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Why do Moroccans Pour Their Tea So High?

posted on: Jan 12, 2022

Photo: Moroccan Min Tea

By: Nouha Elyazidi / Arab America Contributing Writer

If you ever enter the home of a Moroccan, visit Morocco, or go to a Moroccan restaurant, chances are you will be served traditional Moroccan mint tea. This tea, called atay bil na3na3 in Arabic, is a staple in Moroccan culture. Moroccan mint tea is believed to have originated in the 12th century B.C! The tea has a dark-yellow or an almost coppery color, and the taste is strong yet refreshing. There are specific customs practiced when the tea is being presented to guests, such as the cups, teapot, and tray the tea is presented in. The height at which the tea is poured is also significant! Moroccans pride themselves on not only their delicious and flavorful tea but also their unique presentation of it. Let’s walk through the preparation and serving of Moroccan mint tea.

How is the tea prepared?

There are really only three main ingredients necessary for the preparation of Moroccan mint tea: gunpowder green tea, fresh mint leaves, and water. There are no real measurements for the ingredients, in fact, most Moroccan cuisine is prepared with very loose measurements. But for an estimate, it would be about one large spoonful of gunpowder green tea, around three cups of water, and approximately one handful of fresh mint leaves. 

The water for the tea is boiled either on the stove or an electric kettle and while the water is boiling, a spoonful of gunpowder is added into a traditional Moroccan teapot called a berrad. Berrads are stainless steel teapots with a curved spout, a cone-shaped top, and typically feature a pattern or design on the bottom.

Moroccan medium teapot tea teaset or teapot to make you own
Photo: Moroccan Teapot Medium

A small amount of the boiling water is placed into the berrad and then poured out, this is done to rinse the gunpowder tea. The berrad is filled with boiling water and the fresh mint leaves are then added. The berrad is then placed on the stove on very low heat for just a few minutes to allow the flavors of the gunpowder green tea and mint to release into the water. The tea is now ready to be served! Most hosts serving the tea will provide honey or sugar on the side so guests can adjust the level of sweetness to their liking. 

How is the tea served? 

The tea is poured from the berrad into traditional Moroccan teacups. Moroccan teacups come in a range of beautiful colors and designs, from bold colors to elegant designs in silver and gold. If tea is being brought out to guests, it is presented in a large tray called a sayniya, usually also made of stainless steel. Many Moroccan buy teacups, berrads, and trays with matching or similar designs, again for presentation purposes.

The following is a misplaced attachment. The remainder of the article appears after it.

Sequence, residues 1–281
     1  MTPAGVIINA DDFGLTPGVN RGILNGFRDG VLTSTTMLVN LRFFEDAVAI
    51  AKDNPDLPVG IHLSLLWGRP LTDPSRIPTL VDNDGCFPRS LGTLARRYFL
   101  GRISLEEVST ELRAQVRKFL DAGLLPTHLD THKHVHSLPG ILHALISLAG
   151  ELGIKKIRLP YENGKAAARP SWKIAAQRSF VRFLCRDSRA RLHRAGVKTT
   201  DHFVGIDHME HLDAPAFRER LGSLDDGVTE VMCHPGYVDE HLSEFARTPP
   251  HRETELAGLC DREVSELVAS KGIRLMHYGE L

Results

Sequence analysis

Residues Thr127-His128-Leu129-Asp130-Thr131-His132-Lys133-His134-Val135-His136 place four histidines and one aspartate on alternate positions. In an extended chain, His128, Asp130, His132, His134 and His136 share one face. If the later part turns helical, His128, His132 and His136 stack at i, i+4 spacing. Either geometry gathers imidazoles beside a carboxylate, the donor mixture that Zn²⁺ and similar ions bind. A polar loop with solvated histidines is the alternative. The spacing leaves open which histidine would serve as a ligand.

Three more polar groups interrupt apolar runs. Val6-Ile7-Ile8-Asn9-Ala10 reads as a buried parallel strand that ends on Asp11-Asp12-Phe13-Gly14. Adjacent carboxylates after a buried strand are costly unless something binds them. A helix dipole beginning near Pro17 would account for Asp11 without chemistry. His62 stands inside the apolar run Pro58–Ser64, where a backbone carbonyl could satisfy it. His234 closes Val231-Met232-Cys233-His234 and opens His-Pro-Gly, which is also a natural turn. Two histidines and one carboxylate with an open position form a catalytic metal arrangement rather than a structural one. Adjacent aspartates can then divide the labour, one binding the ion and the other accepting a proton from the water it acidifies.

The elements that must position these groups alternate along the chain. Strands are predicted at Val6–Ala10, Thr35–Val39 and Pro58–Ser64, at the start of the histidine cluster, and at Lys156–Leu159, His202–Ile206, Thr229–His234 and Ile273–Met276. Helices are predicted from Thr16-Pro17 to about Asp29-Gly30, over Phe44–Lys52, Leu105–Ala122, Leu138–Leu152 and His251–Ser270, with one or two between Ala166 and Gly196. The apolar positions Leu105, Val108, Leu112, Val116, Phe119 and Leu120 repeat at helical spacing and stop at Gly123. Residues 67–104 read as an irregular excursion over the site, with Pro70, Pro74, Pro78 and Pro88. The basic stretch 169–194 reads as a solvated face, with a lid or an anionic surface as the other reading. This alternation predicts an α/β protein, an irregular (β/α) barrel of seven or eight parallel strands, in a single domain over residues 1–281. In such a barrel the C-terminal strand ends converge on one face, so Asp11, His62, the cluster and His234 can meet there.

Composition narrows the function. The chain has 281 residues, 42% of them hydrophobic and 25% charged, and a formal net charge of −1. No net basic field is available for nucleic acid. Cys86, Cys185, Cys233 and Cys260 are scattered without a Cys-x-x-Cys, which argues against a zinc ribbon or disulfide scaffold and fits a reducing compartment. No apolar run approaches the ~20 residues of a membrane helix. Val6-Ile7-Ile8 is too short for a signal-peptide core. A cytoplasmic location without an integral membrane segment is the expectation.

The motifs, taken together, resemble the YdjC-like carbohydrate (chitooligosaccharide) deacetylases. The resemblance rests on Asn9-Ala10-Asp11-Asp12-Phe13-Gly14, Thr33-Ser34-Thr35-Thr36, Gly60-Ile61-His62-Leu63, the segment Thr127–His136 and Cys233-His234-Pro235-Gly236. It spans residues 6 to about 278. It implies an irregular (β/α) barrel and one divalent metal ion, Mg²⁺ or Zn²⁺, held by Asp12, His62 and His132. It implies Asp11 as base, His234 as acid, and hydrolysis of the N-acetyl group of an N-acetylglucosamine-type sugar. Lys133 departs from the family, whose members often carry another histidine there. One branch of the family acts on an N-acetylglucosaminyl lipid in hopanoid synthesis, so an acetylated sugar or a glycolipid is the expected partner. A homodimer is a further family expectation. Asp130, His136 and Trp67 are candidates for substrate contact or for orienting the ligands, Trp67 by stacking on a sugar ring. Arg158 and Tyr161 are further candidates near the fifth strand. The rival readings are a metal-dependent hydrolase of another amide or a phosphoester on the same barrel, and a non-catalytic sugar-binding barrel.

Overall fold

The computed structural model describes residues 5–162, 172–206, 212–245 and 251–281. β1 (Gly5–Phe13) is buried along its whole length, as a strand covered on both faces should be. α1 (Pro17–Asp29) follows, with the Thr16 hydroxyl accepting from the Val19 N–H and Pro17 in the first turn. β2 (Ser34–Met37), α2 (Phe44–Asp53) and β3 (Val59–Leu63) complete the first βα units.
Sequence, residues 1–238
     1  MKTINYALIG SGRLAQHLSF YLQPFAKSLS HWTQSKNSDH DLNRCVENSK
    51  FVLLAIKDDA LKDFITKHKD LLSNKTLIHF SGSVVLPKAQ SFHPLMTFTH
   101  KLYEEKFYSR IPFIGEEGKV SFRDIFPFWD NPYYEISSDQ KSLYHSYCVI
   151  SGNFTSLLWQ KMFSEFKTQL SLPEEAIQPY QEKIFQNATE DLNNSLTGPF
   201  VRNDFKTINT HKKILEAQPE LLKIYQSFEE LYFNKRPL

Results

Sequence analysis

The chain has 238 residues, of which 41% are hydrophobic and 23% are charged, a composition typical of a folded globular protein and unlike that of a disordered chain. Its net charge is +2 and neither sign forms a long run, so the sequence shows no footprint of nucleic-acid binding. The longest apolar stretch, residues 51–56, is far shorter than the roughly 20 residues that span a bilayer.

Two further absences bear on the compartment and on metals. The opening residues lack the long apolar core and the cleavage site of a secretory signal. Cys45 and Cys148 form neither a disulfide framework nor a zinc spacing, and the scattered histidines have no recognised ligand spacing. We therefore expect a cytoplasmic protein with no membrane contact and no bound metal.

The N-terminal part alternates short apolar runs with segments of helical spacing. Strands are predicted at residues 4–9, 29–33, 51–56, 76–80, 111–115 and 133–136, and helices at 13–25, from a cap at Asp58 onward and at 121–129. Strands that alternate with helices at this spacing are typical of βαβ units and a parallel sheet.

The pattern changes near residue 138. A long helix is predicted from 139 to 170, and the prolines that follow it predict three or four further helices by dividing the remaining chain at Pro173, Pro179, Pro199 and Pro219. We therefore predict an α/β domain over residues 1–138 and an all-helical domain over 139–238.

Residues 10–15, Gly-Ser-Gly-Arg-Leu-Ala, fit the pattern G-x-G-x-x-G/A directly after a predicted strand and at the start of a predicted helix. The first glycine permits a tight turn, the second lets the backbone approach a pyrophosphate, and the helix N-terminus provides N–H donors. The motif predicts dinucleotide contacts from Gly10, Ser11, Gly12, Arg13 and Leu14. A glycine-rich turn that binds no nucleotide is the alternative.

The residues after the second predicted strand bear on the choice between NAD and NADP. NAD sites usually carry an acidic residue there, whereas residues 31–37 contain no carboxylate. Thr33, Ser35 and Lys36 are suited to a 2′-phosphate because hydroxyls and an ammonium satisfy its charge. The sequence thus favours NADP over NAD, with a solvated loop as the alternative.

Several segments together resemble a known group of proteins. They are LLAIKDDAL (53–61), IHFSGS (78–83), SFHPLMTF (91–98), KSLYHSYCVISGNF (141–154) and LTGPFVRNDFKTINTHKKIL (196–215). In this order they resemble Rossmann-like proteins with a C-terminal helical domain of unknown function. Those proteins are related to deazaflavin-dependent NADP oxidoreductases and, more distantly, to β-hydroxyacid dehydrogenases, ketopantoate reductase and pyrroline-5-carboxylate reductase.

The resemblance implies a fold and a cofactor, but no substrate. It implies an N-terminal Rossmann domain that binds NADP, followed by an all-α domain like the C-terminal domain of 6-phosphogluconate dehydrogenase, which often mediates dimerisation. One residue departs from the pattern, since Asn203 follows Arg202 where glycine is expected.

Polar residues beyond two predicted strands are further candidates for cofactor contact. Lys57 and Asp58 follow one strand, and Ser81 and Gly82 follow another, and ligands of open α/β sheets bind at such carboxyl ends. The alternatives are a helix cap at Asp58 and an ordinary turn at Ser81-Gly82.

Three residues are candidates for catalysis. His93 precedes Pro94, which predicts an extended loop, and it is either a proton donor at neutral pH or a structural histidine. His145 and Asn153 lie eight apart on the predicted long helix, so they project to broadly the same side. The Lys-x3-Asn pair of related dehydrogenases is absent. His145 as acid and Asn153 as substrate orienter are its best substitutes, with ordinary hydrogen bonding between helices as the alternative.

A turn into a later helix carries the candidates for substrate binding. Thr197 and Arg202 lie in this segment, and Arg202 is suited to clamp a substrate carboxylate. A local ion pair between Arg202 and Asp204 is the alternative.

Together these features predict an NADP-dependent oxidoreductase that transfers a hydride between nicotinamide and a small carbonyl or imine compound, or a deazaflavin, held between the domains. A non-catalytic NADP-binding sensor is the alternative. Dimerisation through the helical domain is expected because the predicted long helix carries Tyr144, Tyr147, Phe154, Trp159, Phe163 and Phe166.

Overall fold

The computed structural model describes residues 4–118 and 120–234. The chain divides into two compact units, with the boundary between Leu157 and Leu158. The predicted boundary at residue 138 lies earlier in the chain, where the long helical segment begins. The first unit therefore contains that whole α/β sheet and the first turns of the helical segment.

Photo: Moroccan tea glasses, Handpainted Set

If you watch someone pour the tea, you will notice that they make an effort to pour their tea from as high as they can without spilling it. The cultural significance behind this is that the higher the tea is poured, the more welcome your guests are. In addition, pouring the tea from a high distance creates little white foam bubbles that rest on top of the tea, and the idea is the more bubbles on top of the cup, the nicer the tea will look. Professionals at tea pouring have mastered the art and can pour from impressively high distances. 

Photo: Crossing the Tea

Moroccan mint is never served alone. Many hosts will bring out dates, nuts, traditional Moroccan cookies, cakes, or other sweets. If dates are served they are usually stuffed with either nuts or marzipan and can be decorated with crushed pistachios, dried rose petals, sugar, chocolate, coconut shavings, and more. Moroccans have countless scrumptious cookies, most are made from a nut base.

Arizona Dates & Pistachios Gift Tray
Photo: Medjool Date & Pistachios Gift Tray

Moroccan mint tea has a great cultural significance and the attention to detail that goes into its presentation is truly fascinating. The video below demonstrates the steps in making the tea, it is definitely worth trying. And as we say in Morocco, bsaha!

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